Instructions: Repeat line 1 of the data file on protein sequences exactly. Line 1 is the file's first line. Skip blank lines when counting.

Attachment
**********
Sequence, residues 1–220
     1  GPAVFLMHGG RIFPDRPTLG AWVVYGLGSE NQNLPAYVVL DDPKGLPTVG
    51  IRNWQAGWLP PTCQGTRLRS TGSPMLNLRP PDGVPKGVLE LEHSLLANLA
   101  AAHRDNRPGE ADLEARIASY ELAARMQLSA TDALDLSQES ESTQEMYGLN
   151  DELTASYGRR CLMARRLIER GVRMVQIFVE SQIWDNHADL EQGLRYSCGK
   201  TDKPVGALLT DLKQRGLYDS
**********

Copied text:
Sequence, residues 1–220